This text is used for the Lectionary Year A on September 24, 2017.
In the article, Exodus 16 as an Alternative Social Paradigm, Ann Fritschel introduces an analogy of the Israelites’ wilderness experience to a liminal experience. Taken from the Latin word for ‘threshold,’ liminal is defined as an ‘in-between place,’ a rite of passage as one moves from childhood to adulthood. With the aforementioned in mind, perhaps the actions of Israel are more plausible as we witness a continual disconnect between expectation and application of God’s commands. In Exodus 15, the Israelites take a praise break and worship the LORD that brought them up out of Egypt and through the Red Sea on dry land. It’s not long though, in fact just a month from their miraculous aquatic-based deliverance, before the Israelites piggy back on their earlier disposition of complaining while living in the wilderness. The initial murmuring motif raises its head again in Exodus 15:22-27 when the Israelites are grumbling for the need to quench their thirst. Even after God directs their feet to an abundance of springs and shade trees, the tension of living in-between reappears even in our pericope.
From an exegetical perspective, Exodus 16:2-15 is a rich reservoir for exploration, a gold mine for excavation. While there exists much scholarly debate about sources and literary form, one thing is for certain, our text parallels a traditional pattern of murmuring found in Numbers 14 and 16. Simply put, the people murmur, a conflict occurs, and a theophany combined with a divine word for Moses provides instructions for relaying to the people. Within the text, we find the manna and quail traditions (believed to exist independently) combined to relay an intended message to its hearers that differ from its counterparts in Numbers 11 and Psalm 78. Exodus 16 maintains the tension of the two aforementioned accounts. On the one hand, we witness the gracious provisions of God through the manna and quail. On the other hand, Israel’s disobedience is clearly visible even in the absence of judgment by God.
This text is used for the Lectionary Year A on March 19, 2017.
“Not all who wander are lost,” the line from J.R.R. Tolkien’s Lord of the Rings hangs in our living room. Reminding my family and visitors that just because we wander at times through this life does not mean that we are lost. We have a home. We have a community. We have a God.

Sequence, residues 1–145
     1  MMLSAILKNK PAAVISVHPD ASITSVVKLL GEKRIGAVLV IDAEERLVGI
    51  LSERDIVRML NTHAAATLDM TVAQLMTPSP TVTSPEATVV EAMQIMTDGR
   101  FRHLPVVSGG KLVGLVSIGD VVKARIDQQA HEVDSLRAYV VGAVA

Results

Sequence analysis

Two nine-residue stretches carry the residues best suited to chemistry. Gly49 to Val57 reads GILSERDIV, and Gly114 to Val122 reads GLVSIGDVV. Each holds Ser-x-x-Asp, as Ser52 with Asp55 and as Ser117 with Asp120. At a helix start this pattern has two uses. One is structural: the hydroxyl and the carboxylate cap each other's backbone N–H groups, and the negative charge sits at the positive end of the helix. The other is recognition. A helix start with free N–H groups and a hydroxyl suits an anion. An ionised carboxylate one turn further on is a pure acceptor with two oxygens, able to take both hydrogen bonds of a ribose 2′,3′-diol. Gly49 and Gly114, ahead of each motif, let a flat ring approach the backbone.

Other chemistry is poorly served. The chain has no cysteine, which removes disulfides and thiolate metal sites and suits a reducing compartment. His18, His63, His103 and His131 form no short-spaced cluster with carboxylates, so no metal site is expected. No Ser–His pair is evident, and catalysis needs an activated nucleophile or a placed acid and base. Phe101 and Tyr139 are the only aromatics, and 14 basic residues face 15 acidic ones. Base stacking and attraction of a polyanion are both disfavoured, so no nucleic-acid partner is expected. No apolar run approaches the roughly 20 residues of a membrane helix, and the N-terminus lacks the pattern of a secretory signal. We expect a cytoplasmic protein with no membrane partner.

In Exodus 17:1-7, the people are somewhere between the Red Sea (Exodus 14) and Mount Sinai (Exodus 19). The desert is their home. Roaming from place to place is their occupation. They are wanderers. But that does not mean they are lost.
In the past, when I read about the desert wandering I thought the people were lost. No clear direction or leadership. There were grumbling voices from within the community growing louder by the day. The children were thirsty. The livestock faced malnutrition. Anger was building. Desperation was setting in. During desperate times people can do crazy things. Therefore, the work of leadership becomes crucial.
This text is used for the Lectionary Year C on February 14, 2016.
Jesus’ journey into the wilderness serves as an annual launching pad for our own 40 day journey into the Lenten wilderness. Occurring with variation in each synoptic, the preacher may be tempted to choose another lection this year. Before doing so, the preacher should consider whether they have sufficiently mined Luke’s depiction of Jesus’ testing, for it is rich with biblical allusion and spiritual guidance.
The first few verses alone are packed with dots that need to be connected. The 40 day journey immediately reminds us of other biblical heroes who have undergone a similar experience. Moses’ 40 day fast (Exodus 24:28; Deuteronomy 9:9) and Elijah’s 40 day flight to the mount of God (1 Kings 19:4-8) come to mind, offering a subtle connection here between Jesus, the great law giver and the great prophet. Then there’s the not-so-subtle connection between Jesus and Israel. Jesus passed through the waters of the Jordan (Luke 3:21-22) just moments before being led into the wilderness by the Spirit. His first temptation: To make bread (think: manna). The connections between Jesus’ 40 days and Israel’s 40 years are not coincidental. Look closely. Jesus answers each test with a quote from Deuteronomy, the book that begins “these are the words Moses spoke to all Israel in the wilderness east of the Jordan…” (Deuteronomy 1:1). Two of those quotes (Deuteronomy 6:13; Deuteronomy 6:16) come right after the prayer faithful Jews were to pray twice daily, the Shema, and the third comes within 2 chapters (Deuteronomy 8:3). In this story Luke identifies Jesus as both Israel and the model Jew, and the biblical allusions don’t stop there. Instead, Luke continues to draw a line from Jesus’ present experience all the way back to the beginning.
This text is used for the Lectionary Year A on December 8, 2013.
All four gospels open with the figure of John the Baptist and connect his ministry and message to Jesus. Each draws attention to John’s role as a fulfillment of Isaiah 40:3. In the Fourth Gospel John the Baptist has the exclusive role of introducing Jesus as the Lamb of God and pointing his own disciples toward him. However, in the Synoptic Gospels John is primarily a prophet of repentance anticipating the appearance of the Messiah and the advent of the Kingdom of God.
Matthew summarizes John’s message simply: “Repent, for the kingdom of heaven has come” (3:2). He identifies John as the one prophesied by Isaiah who would prepare the path of the Lord in the wilderness, making smooth the way of his coming to his people.